Gary Phelan: Pregnancy-Related Conditions May Be Covered By ADA

, The Connecticut Law Tribune

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Normal pregnancies are not considered a "disability" under Title I of the Americans with Disabilities Act of 1990 However, pregnancy may also cause a woman to suffer from an assortment of conditions, such as morning sickness, back pain, carpel tunnel syndrome, severe fatigue, conditions that lead to lifting restrictions, gestational diabetes, hypertension, preeclampsia and prenatal depression.

If pregnancy-related conditions meet the ADA's definition of "disability," they may need to be accommodated by employers. (42 U.S.C. §12112(b)(5)(A)).The accommodations which arise most often are leave of absence, part-time or modified schedules, working from home, job restructuring, "light duty" and reassignment.

A plaintiff seeking to prevail on a failure to accommodate claim must show that (1) she was an individual with a "disability" as defined by the ADA; (2) her employer had notice of her disability; (3) she could perform her job's essential functions with reasonable accommodation; and (4) her employer refused to provide a reasonable accommodation. Litigation in such cases focuses almost exclusively on whether the plaintiff's condition meets the definition of "disability."

Before the ADA Amendments Act of 2009 (ADAAA), plaintiffs seldom prevailed because they could not show that their conditions met the ADA's stringent definition of "disability" for three primary reasons.

First, the Equal Employment Opportunity Commission (EEOC) and courts held that only permanent or long-term impairments could be substantially limiting. Therefore pregnancy-related conditions were considered too short in duration to qualify as "disabilities." For example, in Villareal v. JE Merit Contractors, 895 F.Supp. 194 (S.D. Tex. 1995) the district court held that pregnancy and related medical conditions are temporary and, therefore, not usually disabilities.

Second, before the ADAAA, pregnancy-related conditions were often found not to be severe enough to "substantially limit" a "major life activity." In Jevdy v. Holder, 2011 U.S. Dist. LEXIS (S.D. Fla. 2011), the district court held that a probationary corrections officer who had severe morning sickness and severe pelvic pain due to fibroids in her uterus while pregnant failed to show that those conditions substantially limited her ability to walk or stand.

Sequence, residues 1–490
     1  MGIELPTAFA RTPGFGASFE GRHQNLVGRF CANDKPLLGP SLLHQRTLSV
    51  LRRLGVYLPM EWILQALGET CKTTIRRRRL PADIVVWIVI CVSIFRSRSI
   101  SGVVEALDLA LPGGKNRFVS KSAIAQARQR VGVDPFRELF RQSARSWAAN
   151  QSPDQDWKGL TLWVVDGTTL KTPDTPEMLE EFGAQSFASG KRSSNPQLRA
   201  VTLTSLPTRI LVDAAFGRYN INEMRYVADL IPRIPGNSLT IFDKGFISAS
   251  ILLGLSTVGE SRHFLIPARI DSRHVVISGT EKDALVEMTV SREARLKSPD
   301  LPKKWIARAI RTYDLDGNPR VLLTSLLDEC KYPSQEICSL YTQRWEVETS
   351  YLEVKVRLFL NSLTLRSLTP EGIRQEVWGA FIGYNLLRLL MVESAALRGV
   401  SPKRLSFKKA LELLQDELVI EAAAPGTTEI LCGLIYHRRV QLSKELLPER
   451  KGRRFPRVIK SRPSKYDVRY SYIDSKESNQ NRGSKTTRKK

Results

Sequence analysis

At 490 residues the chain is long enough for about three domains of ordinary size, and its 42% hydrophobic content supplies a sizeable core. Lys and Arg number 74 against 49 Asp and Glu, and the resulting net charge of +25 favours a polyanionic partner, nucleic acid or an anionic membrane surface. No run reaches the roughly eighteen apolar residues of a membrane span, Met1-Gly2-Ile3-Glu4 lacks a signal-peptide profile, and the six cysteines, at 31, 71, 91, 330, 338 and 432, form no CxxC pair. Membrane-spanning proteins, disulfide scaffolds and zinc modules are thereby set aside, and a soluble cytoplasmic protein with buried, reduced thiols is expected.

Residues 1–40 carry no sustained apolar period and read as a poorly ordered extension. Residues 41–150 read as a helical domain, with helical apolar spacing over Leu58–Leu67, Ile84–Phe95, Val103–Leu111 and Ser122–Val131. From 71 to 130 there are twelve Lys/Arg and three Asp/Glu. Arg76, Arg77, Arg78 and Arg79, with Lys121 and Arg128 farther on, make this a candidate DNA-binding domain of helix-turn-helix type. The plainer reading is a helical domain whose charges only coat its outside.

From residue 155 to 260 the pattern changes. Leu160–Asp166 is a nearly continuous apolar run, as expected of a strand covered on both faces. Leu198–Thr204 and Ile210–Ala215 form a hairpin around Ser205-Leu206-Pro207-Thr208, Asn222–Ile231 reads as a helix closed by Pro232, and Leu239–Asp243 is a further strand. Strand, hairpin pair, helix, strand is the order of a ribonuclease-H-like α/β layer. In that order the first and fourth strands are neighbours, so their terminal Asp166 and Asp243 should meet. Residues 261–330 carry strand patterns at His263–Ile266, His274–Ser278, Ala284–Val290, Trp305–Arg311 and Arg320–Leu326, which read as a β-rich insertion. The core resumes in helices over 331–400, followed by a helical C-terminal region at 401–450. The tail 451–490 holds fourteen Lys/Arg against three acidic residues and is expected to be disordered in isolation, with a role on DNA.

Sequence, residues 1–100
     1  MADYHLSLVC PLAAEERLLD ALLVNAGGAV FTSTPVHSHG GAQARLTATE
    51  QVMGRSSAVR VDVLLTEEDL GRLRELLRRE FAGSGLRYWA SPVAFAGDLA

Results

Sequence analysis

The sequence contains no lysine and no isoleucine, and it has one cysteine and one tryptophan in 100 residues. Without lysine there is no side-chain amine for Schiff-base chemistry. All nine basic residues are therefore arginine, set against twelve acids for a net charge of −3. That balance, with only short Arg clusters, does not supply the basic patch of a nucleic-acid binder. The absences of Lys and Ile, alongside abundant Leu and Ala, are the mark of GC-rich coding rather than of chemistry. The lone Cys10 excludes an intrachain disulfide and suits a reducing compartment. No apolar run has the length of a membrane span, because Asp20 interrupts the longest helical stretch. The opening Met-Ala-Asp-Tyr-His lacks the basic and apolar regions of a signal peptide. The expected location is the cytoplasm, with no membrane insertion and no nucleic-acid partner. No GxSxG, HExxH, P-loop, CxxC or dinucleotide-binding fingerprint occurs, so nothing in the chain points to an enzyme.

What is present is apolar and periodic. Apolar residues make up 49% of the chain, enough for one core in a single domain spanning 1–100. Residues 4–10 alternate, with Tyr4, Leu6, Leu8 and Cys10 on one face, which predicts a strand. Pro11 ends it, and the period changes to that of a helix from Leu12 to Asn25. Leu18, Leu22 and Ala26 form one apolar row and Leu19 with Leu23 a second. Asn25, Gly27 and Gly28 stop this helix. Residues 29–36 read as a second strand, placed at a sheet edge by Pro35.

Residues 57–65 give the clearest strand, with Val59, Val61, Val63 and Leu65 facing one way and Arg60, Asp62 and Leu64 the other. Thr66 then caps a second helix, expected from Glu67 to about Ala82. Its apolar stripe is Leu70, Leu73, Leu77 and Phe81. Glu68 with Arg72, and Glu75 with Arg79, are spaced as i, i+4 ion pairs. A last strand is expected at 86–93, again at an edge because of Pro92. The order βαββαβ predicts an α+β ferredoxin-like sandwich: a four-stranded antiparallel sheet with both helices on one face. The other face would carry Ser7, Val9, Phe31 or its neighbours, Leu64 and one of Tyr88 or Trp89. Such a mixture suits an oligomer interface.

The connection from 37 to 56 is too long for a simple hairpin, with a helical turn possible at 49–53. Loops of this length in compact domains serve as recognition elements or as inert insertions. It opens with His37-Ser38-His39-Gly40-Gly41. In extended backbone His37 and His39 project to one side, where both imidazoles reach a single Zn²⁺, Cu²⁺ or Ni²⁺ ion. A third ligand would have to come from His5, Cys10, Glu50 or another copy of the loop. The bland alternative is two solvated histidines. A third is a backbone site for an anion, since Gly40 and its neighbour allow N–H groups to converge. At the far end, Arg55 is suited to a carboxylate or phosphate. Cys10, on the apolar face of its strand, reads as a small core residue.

Third, under the "normal pregnancy doctrine," courts routinely held that, because pregnancy is not a disorder, pregnancy-related conditions are only covered under the ADA in extremely rare circumstances. For example, in Gorman v. Wells Mfg. Co., 209 F.Supp. 2d 970 (S.D. Iowa 2002), the district court held that nausea, vomiting, dizziness, severe headaches and fatigue were not disabilities because it was "common knowledge that all of these symptoms, at some degree of severity, are part and parcel of a normal pregnancy."

Due to the ADAAA's broadened definition of "disability," many pregnancy-related conditions may now be considered an "actual disability" under the ADA's three-prong definition. The ADA defines disability as (1) a physical or mental impairment that substantially limits one or more major life activities; (2) a record of such an impairment, or (3) being "regarded as" having such an impairment. (42 U.S.C. §12102(2)). Several critical changes made to the definition of disability have removed the barriers which led courts to routinely hold that pregnancy-related conditions were not disabilities.

Under the ADAAA, the short duration of an impairment no longer precludes the impairment from being considered a disability. The EEOC's regulations under the ADAAA provide that the "effects of an impairment lasting or expected to last fewer than six months can still be considered substantially limiting."

In Nayak v. St. Vincent Hospital and Health Care Center Inc., 2013 WL 12183 (S.D. Ind. 2013), for example, the court relied on the EEOC's Regulations to deny the employer's motion to dismiss where the plaintiff suffered from pregnancy-related conditions which lasted about eight months, including beyond her pregnancy. In Mayorga v. Alorica, Inc., 2012 U.S. Dist. LEXIS 103766 (S.D. Fla. 2012), the court similarly relied upon the EEOC's regulations and rejected the employer's argument that the plaintiff's pregnancy-related conditions were too short in duration to be considered a disability.

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